Super Charge Wordpress With Litespeed Cache

Posted By: Tony Baird

Last Updated: Wednesday July 22, 2015

Update: We now have a guide for the LiteSpeed Cache Wordpress Plugin

We recently enabled the ability to utilize Litespeed’s caching functionality which some of our user base has already started taking advantage of.  For the users who have not started utilizing it I’m going to quickly describe it and provide the benefits of it.

The Litespeed cache works similar to that of Apache’s mod_cache while providing the performance of the popular Varnish reverse proxy.  Unlike Varnish however you do not need to deal with the complications of a reverse proxy.  All you need to do in order to enable caching is just add a few mod_rewrite rules to your .htaccess file and you’ll be utilizing it.

For a Wordpress application you would add the following rewrite rules to your .htaccess file:

[php] CacheEnable public / RewriteEngine on RewriteCond %{REQUEST_METHOD} ^(HEAD|GET)$ RewriteCond %{REQUEST_URI} !^/(wp-admin|wp-login.php|wp-cron.php) RewriteRule .* - [E=Cache-Control:max-age=120] [/php]

What this code does is enable our page caching except for your login page, Wordpress admin and your Wordpress cron.  The cache will last for up to 120 seconds.  This means the first user to visit for example your main page of your Wordpress it will be served by PHP.  The subsequent requests for up to 120 seconds will be served from the Litespeed cache and not use PHP.  As a result of this you’ll utilize less resources meaning you’ll be able to handle significantly more traffic.  To illustrate this I’ve installed a default Wordpress hello world installation on a regular shared web hosting server of ours.  We’ll perform 20 concurrent requests and a total of 1000 requests.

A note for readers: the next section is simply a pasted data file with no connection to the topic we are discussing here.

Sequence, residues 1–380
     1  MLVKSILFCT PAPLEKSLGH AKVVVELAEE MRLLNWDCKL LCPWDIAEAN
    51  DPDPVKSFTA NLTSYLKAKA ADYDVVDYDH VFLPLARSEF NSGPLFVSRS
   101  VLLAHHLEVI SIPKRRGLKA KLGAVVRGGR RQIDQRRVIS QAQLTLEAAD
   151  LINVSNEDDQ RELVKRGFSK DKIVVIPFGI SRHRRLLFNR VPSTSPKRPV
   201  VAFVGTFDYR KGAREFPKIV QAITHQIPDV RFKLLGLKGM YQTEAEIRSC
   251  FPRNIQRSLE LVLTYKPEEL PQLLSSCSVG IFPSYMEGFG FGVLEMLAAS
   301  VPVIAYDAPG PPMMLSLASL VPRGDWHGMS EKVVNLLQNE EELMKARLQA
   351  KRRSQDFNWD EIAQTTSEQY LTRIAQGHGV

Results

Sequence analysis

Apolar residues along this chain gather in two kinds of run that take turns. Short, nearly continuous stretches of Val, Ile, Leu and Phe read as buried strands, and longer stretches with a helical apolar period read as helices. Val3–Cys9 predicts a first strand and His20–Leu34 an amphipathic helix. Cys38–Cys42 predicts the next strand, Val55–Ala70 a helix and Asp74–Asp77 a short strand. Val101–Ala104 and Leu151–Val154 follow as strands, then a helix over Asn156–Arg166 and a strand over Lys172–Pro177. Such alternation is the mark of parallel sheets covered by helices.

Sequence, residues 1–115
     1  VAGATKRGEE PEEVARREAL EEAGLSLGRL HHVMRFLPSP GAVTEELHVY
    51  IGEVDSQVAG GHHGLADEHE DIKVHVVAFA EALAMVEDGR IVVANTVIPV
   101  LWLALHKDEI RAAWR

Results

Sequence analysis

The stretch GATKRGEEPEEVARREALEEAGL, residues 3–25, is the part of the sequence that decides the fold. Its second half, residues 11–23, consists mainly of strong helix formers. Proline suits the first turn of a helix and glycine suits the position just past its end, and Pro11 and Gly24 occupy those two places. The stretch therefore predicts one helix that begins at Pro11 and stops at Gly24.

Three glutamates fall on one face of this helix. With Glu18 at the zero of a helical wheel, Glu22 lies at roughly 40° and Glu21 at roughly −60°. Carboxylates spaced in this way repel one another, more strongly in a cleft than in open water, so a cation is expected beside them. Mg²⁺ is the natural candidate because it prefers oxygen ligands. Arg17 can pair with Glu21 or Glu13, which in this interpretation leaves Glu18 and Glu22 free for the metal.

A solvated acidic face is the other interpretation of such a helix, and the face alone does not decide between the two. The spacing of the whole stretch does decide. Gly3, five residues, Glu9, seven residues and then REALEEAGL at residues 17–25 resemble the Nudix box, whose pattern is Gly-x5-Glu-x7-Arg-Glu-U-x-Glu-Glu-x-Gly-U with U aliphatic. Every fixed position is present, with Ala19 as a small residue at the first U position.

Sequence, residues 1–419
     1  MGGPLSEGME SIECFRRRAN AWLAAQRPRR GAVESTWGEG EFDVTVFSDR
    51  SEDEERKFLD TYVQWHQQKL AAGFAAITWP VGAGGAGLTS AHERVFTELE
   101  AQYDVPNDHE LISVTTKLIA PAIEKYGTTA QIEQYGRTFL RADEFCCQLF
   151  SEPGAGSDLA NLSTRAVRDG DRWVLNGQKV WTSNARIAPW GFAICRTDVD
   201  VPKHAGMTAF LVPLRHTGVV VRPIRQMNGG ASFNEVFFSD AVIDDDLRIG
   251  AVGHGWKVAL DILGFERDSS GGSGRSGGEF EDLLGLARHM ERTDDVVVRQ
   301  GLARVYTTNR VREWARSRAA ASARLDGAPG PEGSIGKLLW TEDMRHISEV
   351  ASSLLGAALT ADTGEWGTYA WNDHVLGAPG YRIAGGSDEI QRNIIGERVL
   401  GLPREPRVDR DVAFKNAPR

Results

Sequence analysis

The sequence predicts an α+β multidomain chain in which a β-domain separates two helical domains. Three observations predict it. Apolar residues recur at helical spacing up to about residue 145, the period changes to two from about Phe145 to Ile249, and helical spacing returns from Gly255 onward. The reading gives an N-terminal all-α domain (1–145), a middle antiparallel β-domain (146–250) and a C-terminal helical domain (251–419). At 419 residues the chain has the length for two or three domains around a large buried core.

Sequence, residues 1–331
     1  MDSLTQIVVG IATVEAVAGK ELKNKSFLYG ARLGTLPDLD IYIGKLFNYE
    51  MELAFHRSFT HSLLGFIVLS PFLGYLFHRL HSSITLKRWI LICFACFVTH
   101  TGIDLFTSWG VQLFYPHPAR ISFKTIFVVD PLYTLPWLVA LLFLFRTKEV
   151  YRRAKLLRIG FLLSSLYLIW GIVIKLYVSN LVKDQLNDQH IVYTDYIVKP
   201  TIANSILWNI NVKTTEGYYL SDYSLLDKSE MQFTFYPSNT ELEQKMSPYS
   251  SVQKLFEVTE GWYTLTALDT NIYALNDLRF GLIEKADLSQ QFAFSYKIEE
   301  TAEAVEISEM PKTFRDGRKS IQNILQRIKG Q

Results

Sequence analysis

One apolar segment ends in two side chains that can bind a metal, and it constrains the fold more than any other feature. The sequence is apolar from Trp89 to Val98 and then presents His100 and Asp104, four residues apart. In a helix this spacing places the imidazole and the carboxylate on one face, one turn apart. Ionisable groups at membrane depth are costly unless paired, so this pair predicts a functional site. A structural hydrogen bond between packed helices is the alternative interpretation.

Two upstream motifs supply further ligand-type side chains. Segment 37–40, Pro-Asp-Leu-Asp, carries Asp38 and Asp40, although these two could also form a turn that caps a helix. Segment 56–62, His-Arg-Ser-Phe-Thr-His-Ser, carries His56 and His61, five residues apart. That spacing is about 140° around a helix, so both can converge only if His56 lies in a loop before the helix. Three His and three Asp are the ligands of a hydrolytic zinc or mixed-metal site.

In the first benchmark we’re testing PHP 5.5 with absolutely no caching being utilized.

[plain] Time taken for tests:   183.143 seconds Complete requests:      1000 Failed requests:        0 Write errors:           0 Total transferred:      9079000 bytes HTML transferred:       8848000 bytes Requests per second:    5.46 [#/sec] (mean) Time per request:       3662.853 [ms] (mean) Time per request:       183.143 [ms] (mean, across all concurrent requests) [/plain]

What this means is we were able to handle 5.46 requests a second.  This would be pretty typical of a shared web hosting account.  We were limited by our CPU allocation of the web hosting plan.

Here is the same test with Litespeed page caching enabled:

[plain] Time taken for tests:   4.845 seconds Complete requests:      1000 Failed requests:        0 Write errors:           0 Total transferred:      9124218 bytes HTML transferred:       8848000 bytes Requests per second:    206.39 [#/sec] (mean) Time per request:       96.902 [ms] (mean) Time per request:       4.845 [ms] (mean, across all concurrent requests) Transfer rate:          1839.05 [Kbytes/sec] received [/plain]

This is a substantial difference we were able to serve 206.39 requests a second.  We’re now serving as much traffic as a dedicated server could that does not utilize caching.  This was however at just a concurrency of 20.  Our Litespeed cache is capable of significantly more than that.  Here is our test with 500 concurrency:

[plain] Time taken for tests:   2.717 seconds Complete requests:      5000 Failed requests:        0 Write errors:           0 Total transferred:      45625000 bytes HTML transferred:       44240000 bytes Requests per second:    1839.98 [#/sec] (mean) Time per request:       271.742 [ms] (mean) Time per request:       0.543 [ms] (mean, across all concurrent requests) Transfer rate:          16396.30 [Kbytes/sec] received [/plain]

We’re now able to serve up to 1839.98 requests a second.  If you were ever featured on the front page of a major news paper or even on a site like reddit with Litespeed caching you could handle that.  You wouldn’t lose out on that valuable traffic nor have unhappy visitors about how slow your page is.  This amount of traffic without the Litespeed cache would require multiple servers.

Simply put, enabling Litespeed cache on your Wordpress installations could result in a 33599% increase in speed. That’s approximately 337 times faster than a default Wordpress installation without Litespeed cache

If you’re not utilizing Wordpress many of the same techniques could be applied to other content management or blog platforms like Joomla and Drupal.  There also exists plugins for applications including the XenForo forum software that will allow you to handle more traffic.

Now that you have seen the results do not hesitant to enable this great feature.  If you have any questions do not hesitate to contact our support department.

Ready to get started? Build your site from